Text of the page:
For more on my opinion of this SCOTUS opinion go here.

The letter continues:

This legislation ended the practice of the President, party leaders, and members of Congress from soliciting huge donations from corporations, unions, and wealthy individuals. BRCA's overriding goal was top reduce the corrupting influence of unlimited soft money contributions to political parties, usually solicited by federal candidates and office holders.
My take:
Sirs you are elected enact legislation and to uphold the Constitution of the United States, not to write legislation eroding the Constitutionally protected rights of American citizens. You claim that the purpose of your attack on free speech is to counter the corrupting effects of money in the political process. I submit to you that money is not the source of political corruption but merely a perk of ethically corrupt politicians. Instead of attacking the right to free speech and limiting the rights of citizens to participate in the political process you should be enacting laws providing harsh penalties for political corruption.
More McCain:
There can be little doubt that this new law has improved they system. Despite predictions to the contrary, the parties have thrived, raising as much in limited donations from individuals in this cycle as they did in hard and soft money combined in 2000.
My original statement:
You will never succeed in removing money from politics and you will never succeed in silencing citizens who wish to be heard. If you want to eliminate corruption in politics, focus your efforts on eliminating corrupt politicians.
Unfortunately, I've now used up all of my letter and only one paragraph of the Senator's. So now not only do I have to retype his letter I have to pick it apart with new material. Damn he is really making work at this. So you might be wondering what Senator McCain considers the weakness of BRCA. Basically that the FEC was too lax in restricting the rights of citizens to associate and speak as part of the political process.
While BRCA has proven successful, the recent growth of political committees commonly known as “527” groups, referring to their-exempt status under section 527 of the Internal Revenue Code, have emerged as a new vehicle for raising and spending illegal soft money.

{snip: we all know the 527 story}

Because the FEC had failed to properly enforce federal law and require the 527 groups to register as political committees, I have introduced legislation along with Senator Feingold that would require all 527s to register as political committees unless they raise and spend money solely in connection with non-Federal candidate elections. It is unfortunate that Congress must take legislative action requireing the FEC to properly enforce the law, but we cannot allow the obstinate acts of non-elected commissioners to obstruct the law and to dilute the influence that average American's have in determining who will lead their country.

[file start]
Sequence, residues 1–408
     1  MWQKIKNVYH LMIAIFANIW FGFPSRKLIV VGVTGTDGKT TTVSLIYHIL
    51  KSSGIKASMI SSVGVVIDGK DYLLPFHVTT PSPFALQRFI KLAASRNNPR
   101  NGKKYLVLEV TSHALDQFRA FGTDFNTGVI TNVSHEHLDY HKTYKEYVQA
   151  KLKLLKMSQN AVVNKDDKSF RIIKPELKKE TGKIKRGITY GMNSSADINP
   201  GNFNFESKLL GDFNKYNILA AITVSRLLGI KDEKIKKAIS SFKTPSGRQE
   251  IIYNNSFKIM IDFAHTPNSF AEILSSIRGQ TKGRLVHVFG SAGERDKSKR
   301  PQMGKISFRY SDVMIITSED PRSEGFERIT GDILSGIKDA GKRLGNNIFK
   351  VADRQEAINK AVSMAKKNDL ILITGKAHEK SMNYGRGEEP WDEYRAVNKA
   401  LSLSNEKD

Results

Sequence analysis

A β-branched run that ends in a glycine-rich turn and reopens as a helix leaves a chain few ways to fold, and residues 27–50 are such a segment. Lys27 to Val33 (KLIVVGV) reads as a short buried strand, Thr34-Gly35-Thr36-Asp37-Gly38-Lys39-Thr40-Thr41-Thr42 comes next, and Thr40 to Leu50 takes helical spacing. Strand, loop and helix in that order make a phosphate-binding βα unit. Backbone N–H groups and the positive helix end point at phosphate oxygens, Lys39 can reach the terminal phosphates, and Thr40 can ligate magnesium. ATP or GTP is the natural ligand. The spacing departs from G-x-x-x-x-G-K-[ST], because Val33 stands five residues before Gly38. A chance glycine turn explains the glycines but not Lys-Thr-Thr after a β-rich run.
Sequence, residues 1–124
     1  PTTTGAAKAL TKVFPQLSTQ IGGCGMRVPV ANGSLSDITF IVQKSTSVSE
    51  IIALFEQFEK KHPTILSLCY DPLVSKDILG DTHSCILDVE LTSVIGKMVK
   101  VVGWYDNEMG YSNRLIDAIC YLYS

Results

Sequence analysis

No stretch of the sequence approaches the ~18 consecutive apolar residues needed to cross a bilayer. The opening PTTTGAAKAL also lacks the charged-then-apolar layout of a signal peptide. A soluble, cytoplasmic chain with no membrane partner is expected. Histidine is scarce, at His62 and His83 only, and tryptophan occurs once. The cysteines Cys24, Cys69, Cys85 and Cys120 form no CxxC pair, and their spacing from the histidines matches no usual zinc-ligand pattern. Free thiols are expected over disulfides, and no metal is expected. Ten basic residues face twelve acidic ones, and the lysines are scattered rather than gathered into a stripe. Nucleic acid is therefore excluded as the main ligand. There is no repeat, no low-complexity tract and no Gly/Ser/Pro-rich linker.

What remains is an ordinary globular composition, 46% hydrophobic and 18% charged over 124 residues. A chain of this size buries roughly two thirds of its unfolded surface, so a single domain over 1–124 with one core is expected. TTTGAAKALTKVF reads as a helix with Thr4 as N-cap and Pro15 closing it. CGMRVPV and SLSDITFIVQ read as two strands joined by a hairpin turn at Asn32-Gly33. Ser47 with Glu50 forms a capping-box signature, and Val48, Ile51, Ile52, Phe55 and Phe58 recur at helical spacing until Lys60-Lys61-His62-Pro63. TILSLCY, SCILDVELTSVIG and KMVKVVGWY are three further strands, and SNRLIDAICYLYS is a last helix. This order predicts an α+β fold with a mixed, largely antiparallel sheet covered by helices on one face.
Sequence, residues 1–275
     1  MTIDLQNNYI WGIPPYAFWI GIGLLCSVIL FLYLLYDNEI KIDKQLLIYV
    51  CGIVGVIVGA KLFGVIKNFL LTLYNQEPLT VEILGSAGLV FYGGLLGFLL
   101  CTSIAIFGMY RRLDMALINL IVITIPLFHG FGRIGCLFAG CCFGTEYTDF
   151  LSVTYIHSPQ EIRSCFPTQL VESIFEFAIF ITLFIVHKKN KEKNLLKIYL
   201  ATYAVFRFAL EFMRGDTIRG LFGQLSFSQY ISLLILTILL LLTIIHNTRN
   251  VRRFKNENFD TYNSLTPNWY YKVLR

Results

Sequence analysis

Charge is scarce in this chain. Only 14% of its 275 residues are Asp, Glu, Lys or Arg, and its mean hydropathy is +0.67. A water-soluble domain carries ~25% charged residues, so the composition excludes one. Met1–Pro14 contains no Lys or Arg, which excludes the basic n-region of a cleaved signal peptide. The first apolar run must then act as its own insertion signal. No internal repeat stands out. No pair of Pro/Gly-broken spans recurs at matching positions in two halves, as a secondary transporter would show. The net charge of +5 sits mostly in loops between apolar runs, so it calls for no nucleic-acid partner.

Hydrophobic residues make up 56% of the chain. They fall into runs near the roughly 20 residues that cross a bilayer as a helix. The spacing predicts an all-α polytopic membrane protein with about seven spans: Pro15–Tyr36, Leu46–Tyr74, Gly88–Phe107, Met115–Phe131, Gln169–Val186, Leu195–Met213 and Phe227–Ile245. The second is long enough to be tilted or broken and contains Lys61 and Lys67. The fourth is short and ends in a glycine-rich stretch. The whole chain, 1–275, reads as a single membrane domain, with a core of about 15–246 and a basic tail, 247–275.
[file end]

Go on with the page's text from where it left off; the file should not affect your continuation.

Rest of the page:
Those irascible commissioners went and allowed all sorts of people to speak freely about federal elections. We cannot have that. It's a federal election after all. If too many citizens participate in the process well that would be a bad thing.

It is clear that the Senator is not done in his efforts to limit debate as part of federal campaigns. It is clear the he is not done with his efforts to erode our First Amendment protected right to free speech. It is clear that all average Americans have an interest in the good people of Arizona electing someone else to the Senate next time.

Update: Tuning Spork requested the text of the McCain letter to do his own fisking. He did a superb job. If you would like to do a little RINO hunting of your own, drop me line and I'll send you the letter.


Posted by: Stephen Macklin at 04:01 AM | Comments (2) | Add Comment

April 28, 2005

I Think I'll Continue Missing The Reunions

My high school is in the news today. Unfortunately the news was added to the growing list of teachers having sexual contact with students recorded at Interested Participant.

BATH, Maine (AP) -- Brunswick Police Detective Mark Waltaz said the 44-year-old teacher from Brunswick was arrested Monday on a charge that addresses inappropriate conduct between a teacher and a student.

Bath school officials say Lepkowski has been on paid administrative leave since mid-January, shortly after the alleged incident.

According to court documents, the student and teacher embraced and licked each other's ears while at the teacher's home in January.

Lepkowski has been a science teacher at Morse for several years and has also served as the head field hockey and track coach.

I was a student at Morse a long - long time ago, but I do have nieces and nephews currently attending the school.

Posted by: Stephen Macklin at 05:19 PM | No Comments | Add Comment

April 27, 2005

What Will Teddy Say?

We are about two weeks away from the anniversary of the murder of Nicholas Berg. I wonder what Teddy Kennedy will have to say about that.

Posted by: Stephen Macklin at 04:14 AM | No Comments | Add Comment

April 26, 2005

Yes Virginia, The iPod is Good Design

Virginia Postrel, who is actually the first link in the chain of events that lead to me starting a blog of my own, is questioning the quality of design in the Apple iPod and coming up with the wrong answer. From what she has written, it seems she likes a lot about the iPod. In fact she seems to like everything about it except then battery.

I no longer think the iPod qualifies as good design. It's gorgeous and tactile, and the software interface is excellent--aesthetic and functional qualities lacking in most electronic products--but Apple has never been much good at the physical side of design. If only they didn't have to actually make things. In this case, the batteries are the problem. They're beyond terrible, and Apple won't replace them. My original iPod lasted about a year before the battery died and I had to throw it out. Worse, my iPod Mini has never really held a charge, except for the day it spent in the Apple Store.